As chaotic scenes unfolded more than 4,000 miles away in Kabul, veterans of the 20-year conflict and families who lost loved ones on the battlefield have been asking the stark question: “Was it worth it?”
“There is a generation of Afghans who have been given a taste of what freedom is like, so you never know, but it feels pretty bleak at the moment,” said Andrew Fox, a former major in the Parachute Regiment who served on three tours of Afghanistan and who has spoken openly about the impact of PTSD on his own health.
“But as one of my friends said to me: it’s like the defining feature of our adult lives has turned out to be pointless. I think that’s where we all were … this week.
“On patrols we’d see the little girls and boys running around playing with their kites and they would talk to us and take a few sweets. They’re probably 16 or 17 now and the thought of those lovely little kids growing up to be adults who only knew a degree of freedom and suddenly being thrown back into oppression is heartbreaking.”
Watching images of the Taliban entering the Afghan capital after meeting little or no resistance, other veterans such as Ben McBean feel anger at how everything he and others had believed they were fighting for has been undone in a matter of weeks.
“Even some people who were quite positive have changed their mind after just watching them walk in with no kind of fightback,” said McBean, who lost a leg and an arm in a landmine blast in 2008 while serving with the Royal Marines in Afghanistan’s Helmand province.
“You can’t even look back and say ‘at least I was a part of that’ because there will be no legacy when everything is just being thrashed.”
Days after tweeting “All this for nothing! Fuming!” in response to the fall of Kabul, he told the Guardian he still felt the same, adding: “Let’s just say that girls could continue to be educated, then at least we could say we helped them, but now we’re hearing stories of young women having to burn their school IDs and certificates or having to become refugees.”
He also voiced concerns for fellow veterans, particularly those who struggled to come to terms with life-changing injures: “Someone like myself [can] look at it now and think ‘what a nightmare’ but someone else might hit the bottle again for example. There are also the parents who have lost children and who will be raging.”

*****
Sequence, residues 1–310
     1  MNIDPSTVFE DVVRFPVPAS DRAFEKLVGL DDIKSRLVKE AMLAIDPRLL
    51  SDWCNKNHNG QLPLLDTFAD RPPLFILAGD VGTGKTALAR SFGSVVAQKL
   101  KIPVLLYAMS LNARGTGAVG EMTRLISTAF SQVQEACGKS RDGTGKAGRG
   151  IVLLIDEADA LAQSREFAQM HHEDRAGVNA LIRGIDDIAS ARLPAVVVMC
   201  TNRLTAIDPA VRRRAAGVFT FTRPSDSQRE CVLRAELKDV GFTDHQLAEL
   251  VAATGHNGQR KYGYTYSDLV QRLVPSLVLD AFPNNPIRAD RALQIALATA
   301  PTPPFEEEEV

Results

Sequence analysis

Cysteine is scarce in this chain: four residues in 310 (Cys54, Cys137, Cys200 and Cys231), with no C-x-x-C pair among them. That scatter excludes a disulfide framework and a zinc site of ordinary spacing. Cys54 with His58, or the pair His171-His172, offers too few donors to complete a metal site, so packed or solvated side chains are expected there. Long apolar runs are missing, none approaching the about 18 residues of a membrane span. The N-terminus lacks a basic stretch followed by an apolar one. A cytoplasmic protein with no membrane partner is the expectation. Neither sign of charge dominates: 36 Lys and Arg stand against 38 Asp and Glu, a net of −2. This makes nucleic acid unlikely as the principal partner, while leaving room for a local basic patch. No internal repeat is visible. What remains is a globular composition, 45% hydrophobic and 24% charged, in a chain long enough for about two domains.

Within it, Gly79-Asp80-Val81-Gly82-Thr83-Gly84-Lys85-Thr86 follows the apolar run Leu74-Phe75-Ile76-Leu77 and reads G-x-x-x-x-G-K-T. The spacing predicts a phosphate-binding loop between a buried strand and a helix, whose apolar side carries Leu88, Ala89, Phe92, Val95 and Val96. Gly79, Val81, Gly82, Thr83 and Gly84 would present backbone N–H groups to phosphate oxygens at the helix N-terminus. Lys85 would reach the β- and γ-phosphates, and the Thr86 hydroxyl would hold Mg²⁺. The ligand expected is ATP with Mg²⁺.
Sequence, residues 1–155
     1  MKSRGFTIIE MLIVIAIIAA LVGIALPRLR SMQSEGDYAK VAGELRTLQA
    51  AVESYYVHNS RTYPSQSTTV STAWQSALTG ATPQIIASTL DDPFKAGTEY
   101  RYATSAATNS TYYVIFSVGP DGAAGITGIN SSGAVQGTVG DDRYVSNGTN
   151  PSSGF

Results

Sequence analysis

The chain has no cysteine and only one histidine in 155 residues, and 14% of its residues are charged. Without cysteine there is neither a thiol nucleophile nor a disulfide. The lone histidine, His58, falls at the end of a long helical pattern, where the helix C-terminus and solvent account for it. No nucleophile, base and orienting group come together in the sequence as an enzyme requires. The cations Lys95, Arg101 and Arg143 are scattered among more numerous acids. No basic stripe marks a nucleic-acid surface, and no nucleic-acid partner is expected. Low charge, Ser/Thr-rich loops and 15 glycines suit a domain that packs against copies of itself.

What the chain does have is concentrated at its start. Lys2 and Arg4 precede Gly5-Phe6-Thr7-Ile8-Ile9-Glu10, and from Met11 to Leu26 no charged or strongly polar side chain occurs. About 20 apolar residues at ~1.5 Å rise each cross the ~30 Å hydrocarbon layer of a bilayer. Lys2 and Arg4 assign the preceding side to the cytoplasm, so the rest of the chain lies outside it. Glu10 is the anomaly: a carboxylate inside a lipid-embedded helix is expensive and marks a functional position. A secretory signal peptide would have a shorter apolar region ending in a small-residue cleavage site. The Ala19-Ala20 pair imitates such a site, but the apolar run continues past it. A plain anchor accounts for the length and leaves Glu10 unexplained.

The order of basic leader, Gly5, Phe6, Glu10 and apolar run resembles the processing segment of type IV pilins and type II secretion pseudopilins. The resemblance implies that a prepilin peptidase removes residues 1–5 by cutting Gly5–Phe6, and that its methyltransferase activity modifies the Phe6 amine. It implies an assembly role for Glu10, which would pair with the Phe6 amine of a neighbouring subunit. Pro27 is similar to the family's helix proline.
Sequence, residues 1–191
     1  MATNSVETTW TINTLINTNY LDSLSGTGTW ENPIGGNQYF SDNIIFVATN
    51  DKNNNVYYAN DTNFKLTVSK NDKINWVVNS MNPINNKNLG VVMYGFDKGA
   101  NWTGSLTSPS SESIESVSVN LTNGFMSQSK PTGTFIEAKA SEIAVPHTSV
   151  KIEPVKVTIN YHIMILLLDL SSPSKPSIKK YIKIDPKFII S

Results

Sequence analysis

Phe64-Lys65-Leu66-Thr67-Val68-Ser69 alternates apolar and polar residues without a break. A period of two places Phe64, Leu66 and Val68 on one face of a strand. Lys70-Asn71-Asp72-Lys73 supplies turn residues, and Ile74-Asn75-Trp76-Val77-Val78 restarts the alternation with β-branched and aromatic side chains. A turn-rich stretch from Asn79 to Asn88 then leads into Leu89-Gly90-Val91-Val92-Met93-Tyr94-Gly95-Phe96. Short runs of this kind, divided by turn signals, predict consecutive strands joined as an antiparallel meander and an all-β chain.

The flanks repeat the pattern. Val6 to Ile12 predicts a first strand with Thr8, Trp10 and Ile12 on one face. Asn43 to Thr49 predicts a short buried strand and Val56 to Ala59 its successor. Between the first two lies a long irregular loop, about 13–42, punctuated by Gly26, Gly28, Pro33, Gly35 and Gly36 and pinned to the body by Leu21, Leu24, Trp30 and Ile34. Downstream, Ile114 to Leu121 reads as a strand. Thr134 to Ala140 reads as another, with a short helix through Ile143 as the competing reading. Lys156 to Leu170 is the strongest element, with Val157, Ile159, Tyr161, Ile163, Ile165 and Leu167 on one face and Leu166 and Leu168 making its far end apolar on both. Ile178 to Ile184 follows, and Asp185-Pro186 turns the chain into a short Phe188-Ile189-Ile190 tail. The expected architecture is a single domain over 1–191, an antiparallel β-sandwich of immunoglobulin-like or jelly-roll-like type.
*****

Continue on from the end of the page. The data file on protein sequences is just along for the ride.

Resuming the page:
Jack Cummings, a former Royal Marine engineer and bomb disposal expert, looked back 11 years after losing his legs in an explosion. He tweeted: “Was it worth it, probably not. Did I lose my legs for nothing, looks like it. Did my mates die in vain. Yep. On my 11th Bangaversary it’s a very sombre one. Many emotions going through my head, anger, betrayal sadness to name a few …”
Since the start of operations in October 2001, 457 British forces personnel or Ministry of Defence civilians have died.
A determination to hold on to the belief that their children had not given their lives in vain was characteristic of the reactions of bereaved parents such as Carolyn Hughes, whose son Cpl Danny Winter was a Royal Marine, and Sarah Adams, whose son James Prosser was a soldier in the 2nd Battalion the Royal Welsh. Both men died in 2009 in separate incidents.
“I just feel absolutely heartbroken for the Afghan people and my son, James, and all of the lives that have been lost,” Adams told BBC Radio Wales. “I have just got to try and think that James didn’t die in vain, or we didn’t lose so many lives in vain.”
Hughes wrote on her son’s Facebook memorial page: “Danny and all the armed forces of the country’s involved made a huge difference to a wild, war torn country. Because of them, terrorist attacks on our country [were] avoided and countless lives were saved. The women of Afghanistan were safe to walk the street and get an education, something that had always previously been denied.
“My son did not die in vain and my pride for him is etched on my heart forever.”